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### Course: Geometry (FL B.E.S.T.)>Unit 5

Lesson 5: Theorems concerning quadrilateral properties

# Proof: Opposite sides of a parallelogram

Sal proves that a figure is a parallelogram if and only if opposite sides are congruent. Created by Sal Khan.

## Want to join the conversation?

• For the second problem, couldn't you just have used the alt. int. angles theorem converse?
• I think so. As long as it makes sense and you get the desired conclusion, your proof is correct
• I still dont quite grasp the side angle thing (SSS AAA SAS ASA ASS SSA) I watched the vids explainin them a lot and still dont get it and I c thatthey keep poppin up on the other geometry vids!!! HELP?!!!?!
• They are just ways to identify similar or congruent triangles. The S stands for corresponding sides of equal measure on each triangle, and the A stands for corresponding angles of equal measure on each triangle. So for SSS, all three sides of a triangle would have the same lengths of all of the sides of another triangle. For AAA (or just AA, because you only need two of the angles) it would be the same thing, all three angles of a triangle would be the same as the angles on another triangle. However, because no sides must be related in this case, you are only getting similar triangles, not congruent ones. For ASA and SAS, two angles (ASA) or two sides (SAS) and the angle (for SAS) or a side (for ASA) that is surrounded by the two sides/angles; if these measures are equal to measures in the same position of another triangle, then they are congruent (an example of ASA would be at ). ASS and SSA don't actually work, but AAS and SAA work. For those comparisons, if two angles and a side that is not between them have the same measure as another triangle's two angles and an outside side, then both of those are congruent. It is really difficult to explain it without having any visuals, but I would have thought that the KA videos would have explained it well enough, but I haven't seen them, so I don't know.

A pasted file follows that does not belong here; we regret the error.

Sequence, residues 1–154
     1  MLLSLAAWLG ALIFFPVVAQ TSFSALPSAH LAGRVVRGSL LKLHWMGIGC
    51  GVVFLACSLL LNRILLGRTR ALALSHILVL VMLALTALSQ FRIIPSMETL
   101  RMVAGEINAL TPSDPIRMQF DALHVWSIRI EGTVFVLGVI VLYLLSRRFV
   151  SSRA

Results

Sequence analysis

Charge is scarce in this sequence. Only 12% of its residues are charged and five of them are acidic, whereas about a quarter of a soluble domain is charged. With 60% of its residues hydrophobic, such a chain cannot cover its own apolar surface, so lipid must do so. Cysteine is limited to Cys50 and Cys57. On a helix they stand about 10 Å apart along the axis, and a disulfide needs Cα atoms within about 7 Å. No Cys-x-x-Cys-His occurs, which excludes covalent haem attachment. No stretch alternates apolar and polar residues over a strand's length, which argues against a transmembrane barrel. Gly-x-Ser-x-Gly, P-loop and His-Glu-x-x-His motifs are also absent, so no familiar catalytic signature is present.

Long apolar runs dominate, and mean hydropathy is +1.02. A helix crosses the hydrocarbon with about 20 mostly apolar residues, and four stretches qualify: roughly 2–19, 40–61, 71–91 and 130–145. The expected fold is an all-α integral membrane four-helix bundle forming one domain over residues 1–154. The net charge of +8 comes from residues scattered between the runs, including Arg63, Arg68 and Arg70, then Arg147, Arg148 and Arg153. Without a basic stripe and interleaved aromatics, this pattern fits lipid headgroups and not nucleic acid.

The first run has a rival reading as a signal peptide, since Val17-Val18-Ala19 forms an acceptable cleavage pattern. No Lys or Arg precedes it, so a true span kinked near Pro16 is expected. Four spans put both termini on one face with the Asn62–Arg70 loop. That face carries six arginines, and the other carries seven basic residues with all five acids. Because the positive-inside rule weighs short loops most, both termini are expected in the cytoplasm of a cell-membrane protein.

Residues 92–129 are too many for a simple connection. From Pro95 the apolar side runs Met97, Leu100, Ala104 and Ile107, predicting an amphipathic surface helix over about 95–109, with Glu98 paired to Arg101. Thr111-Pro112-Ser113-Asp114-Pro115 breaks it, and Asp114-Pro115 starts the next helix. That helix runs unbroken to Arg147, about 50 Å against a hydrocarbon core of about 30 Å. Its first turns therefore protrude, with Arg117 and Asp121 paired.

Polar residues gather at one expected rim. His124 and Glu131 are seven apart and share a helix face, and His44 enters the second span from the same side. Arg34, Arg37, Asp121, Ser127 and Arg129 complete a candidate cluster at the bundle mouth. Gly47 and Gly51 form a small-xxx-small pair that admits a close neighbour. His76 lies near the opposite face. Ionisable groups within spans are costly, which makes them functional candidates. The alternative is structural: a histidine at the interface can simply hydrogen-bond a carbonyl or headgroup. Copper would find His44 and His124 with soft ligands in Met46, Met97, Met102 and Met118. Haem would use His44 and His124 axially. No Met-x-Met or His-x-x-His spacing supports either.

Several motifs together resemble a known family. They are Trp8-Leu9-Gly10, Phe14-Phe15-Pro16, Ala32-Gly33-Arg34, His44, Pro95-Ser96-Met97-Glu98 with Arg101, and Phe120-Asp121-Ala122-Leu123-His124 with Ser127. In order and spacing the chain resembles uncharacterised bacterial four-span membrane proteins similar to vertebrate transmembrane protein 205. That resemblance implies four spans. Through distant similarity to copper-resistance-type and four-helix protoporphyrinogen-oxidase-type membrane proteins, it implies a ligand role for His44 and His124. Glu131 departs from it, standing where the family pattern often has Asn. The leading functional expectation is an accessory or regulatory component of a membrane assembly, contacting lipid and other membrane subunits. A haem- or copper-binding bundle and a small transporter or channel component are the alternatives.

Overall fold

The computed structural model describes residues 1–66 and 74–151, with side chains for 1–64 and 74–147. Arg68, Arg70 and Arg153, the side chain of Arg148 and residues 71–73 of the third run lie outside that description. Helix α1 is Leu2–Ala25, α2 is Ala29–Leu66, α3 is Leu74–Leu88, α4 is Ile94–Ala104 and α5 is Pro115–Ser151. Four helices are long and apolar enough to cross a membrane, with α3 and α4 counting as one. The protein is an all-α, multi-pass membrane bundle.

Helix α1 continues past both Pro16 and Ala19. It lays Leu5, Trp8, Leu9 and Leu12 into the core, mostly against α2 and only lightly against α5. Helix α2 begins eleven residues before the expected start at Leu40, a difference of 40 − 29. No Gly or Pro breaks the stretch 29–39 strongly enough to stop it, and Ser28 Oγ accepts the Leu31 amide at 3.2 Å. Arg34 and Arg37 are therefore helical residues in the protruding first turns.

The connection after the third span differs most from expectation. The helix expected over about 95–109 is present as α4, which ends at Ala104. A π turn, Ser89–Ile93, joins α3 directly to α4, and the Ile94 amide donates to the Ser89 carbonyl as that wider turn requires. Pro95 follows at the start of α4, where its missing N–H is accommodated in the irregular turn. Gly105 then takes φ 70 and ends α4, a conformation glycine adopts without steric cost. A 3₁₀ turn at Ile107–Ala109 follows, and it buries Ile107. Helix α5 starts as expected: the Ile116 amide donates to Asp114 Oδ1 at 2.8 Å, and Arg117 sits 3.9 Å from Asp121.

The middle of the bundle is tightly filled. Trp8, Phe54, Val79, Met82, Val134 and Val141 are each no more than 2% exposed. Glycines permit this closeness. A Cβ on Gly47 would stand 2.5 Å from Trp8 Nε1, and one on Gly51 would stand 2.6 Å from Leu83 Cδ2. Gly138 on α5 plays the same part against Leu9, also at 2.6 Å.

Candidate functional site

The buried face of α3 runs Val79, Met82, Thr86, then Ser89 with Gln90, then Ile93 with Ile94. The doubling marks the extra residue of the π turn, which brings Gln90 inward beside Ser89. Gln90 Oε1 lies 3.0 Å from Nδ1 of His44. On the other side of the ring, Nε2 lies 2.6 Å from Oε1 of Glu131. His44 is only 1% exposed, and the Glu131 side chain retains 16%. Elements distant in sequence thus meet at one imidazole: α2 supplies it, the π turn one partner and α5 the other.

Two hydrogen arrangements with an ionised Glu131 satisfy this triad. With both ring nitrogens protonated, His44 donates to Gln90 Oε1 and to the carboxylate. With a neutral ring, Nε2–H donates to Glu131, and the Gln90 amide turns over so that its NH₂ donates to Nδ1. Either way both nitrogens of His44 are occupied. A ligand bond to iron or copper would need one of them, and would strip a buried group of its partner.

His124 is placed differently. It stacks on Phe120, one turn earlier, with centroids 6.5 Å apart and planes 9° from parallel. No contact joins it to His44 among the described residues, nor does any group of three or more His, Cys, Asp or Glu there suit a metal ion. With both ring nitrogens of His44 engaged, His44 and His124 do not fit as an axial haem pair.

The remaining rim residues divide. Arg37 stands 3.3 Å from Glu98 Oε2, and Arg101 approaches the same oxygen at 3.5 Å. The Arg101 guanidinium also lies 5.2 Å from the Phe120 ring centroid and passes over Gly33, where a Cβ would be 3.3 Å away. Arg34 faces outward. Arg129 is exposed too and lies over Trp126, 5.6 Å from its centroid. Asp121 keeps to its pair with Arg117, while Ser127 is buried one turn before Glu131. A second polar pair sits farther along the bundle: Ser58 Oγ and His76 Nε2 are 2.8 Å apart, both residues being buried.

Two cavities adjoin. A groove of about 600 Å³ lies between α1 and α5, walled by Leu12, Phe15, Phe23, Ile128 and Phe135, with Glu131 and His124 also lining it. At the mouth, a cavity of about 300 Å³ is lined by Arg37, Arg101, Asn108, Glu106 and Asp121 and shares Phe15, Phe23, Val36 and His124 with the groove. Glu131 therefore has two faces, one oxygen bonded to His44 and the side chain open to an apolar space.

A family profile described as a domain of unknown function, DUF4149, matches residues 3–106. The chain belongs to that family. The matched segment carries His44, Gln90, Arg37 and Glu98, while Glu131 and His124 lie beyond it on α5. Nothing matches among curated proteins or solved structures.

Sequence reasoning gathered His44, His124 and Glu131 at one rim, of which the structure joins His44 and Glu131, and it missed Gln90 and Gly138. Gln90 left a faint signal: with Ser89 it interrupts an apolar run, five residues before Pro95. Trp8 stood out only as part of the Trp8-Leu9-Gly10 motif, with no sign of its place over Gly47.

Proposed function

• Isn't the second theorem just a converse of the first theorem ?
• It is just a converse of the first theorem.
• how can we say that angle abd=bdc in the first instance?
• We can say that abd=bdc because the line he drew through the parallelogram is technically a transversal. Because it is a transversal, the two angles it forms are congruent, since we already know that the lines are parallel to each other. Hope this helps :)
• When labeling that the triangles are congruent by the ASA theorem. How do you identify the corresponding parts and then label?
• Pretend a triangle is ABC and XYZ. If you right that it means angle A = angle X, B = Y, C = Z, line AB = line XY, BC = YZ, and AC = XZ.
• What does the equal sign with the ~ mark on top mean?
• It is the congruent sign. It means that two shapes are congruent.
• Alternate interior angles at :: What are they?
• 'When two lines are crossed by another line (which is called the Transversal), the pairs of angles
• on opposite sides of the transversal
• but inside the two lines
are called Alternate Interior Angles.' Reference: www.mathsisfun.com
• For the first problem couldn't you have just drawn the diagonal and found they were congruent by the SSS postulate?
• The SSS postulate says 'if two traingles have all three pairs of sides congruent, then the triangles are congruent.' From the given information in the first problem, we don't know that the triangles have three congruent side pairs, so we can't use that postulate.
• Is there a specific order to write the angles?
for example: ADB is congruent to CBD
• Ok!
When naming angles, remember:

The order of letters matters and indicates the direction you're moving around the vertex.
For instance, "ADB" refers to the angle at point D with rays extending to points A and B, while "CBD" refers to the angle at point D with rays extending to points C and B.

So, "ADB is congruent to CBD" means that the angle formed at point D with rays extending to points A and B is equal in measure to the angle formed at point D with rays extending to points C and B.